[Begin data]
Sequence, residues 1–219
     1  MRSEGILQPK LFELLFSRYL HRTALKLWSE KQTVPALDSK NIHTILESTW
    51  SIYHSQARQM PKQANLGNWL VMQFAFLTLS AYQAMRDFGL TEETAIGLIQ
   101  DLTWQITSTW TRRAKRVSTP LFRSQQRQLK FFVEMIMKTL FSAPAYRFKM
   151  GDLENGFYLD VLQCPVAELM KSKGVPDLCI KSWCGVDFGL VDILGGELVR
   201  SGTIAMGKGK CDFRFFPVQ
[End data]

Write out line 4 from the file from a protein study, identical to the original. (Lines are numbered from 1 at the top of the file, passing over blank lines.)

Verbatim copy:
   101  DLTWQITSTW TRRAKRVSTP LFRSQQRQLK FFVEMIMKTL FSAPAYRFKM